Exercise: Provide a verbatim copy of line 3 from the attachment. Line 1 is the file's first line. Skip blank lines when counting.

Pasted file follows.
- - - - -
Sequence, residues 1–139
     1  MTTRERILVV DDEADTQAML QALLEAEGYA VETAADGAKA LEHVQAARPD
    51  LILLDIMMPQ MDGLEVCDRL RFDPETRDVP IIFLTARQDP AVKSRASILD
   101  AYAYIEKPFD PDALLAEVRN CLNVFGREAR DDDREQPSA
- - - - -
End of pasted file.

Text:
    51  LILLDIMMPQ MDGLEVCDRL RFDPETRDVP IIFLTARQDP AVKSRASILD